Ten years ago today, the Equal Employment Opportunity Commission (EEOC) ruled that refusing to cover prescription contraception in an employee health plan - if other similar preventive services and prescription drugs were covered in that plan -violated Title VII of the Civil Rights Act of 1964 and the amendment to Title VII, the Pregnancy Discrimination Act. It was a monumental victory for women, many of whom spend the majority of their reproductive lives (approximately three decades) trying to avoid an unintended pregnancy. Women rely on contraception to plan their families, and appropriately and safely space their children.
It's a fact: Contraceptive use improves overall health. It enables women to plan and space their pregnancies. It has contributed to dramatic declines in maternal and infant mortality. And it has been a driving force in reducing unintended pregnancies and the need for abortion.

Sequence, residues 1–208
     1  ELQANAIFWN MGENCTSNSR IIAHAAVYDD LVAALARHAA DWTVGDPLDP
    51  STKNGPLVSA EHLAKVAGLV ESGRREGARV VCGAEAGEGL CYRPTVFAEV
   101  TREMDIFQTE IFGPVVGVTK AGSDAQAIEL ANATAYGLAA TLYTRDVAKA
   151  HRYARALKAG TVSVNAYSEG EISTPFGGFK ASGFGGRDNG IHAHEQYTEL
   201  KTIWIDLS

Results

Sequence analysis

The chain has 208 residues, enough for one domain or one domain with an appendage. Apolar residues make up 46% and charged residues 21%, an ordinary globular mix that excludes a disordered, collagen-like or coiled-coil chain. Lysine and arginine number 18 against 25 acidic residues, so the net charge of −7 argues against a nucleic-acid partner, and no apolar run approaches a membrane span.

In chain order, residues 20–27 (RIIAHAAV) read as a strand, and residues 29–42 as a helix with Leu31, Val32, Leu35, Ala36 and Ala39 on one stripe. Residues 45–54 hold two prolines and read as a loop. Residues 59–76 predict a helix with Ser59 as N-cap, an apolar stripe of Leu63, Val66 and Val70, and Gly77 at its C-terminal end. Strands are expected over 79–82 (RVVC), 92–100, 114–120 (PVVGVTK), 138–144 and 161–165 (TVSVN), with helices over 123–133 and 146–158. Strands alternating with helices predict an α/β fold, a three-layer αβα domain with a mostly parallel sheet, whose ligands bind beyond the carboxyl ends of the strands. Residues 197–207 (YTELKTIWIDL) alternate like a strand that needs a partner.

On average, women spend at least 30 years being sexually active but trying to avoid pregnancy. That's an awfully long time considering no contraceptive is 100% effective and things don't always work out as planned.
The kudos about the 50th anniversary of the FDA's approval of the birth control pill are well deserved. Timely access to contraceptive services has vastly improved maternal and child health, and has been the driving force in reducing rates of unintended pregnancy and abortion in this country. Women's ability to control our fertility has helped us achieve personal, educational and professional goals and made us a critical component of the nation's success.
If you haven't seen the latest episodes of Desperate Housewives, you have missed more than just the usual melodrama swirling around the residents of Wisteria Lane. A new storyline may be all-too-familiar to many viewers — a woman facing pregnancy discrimination on the job.
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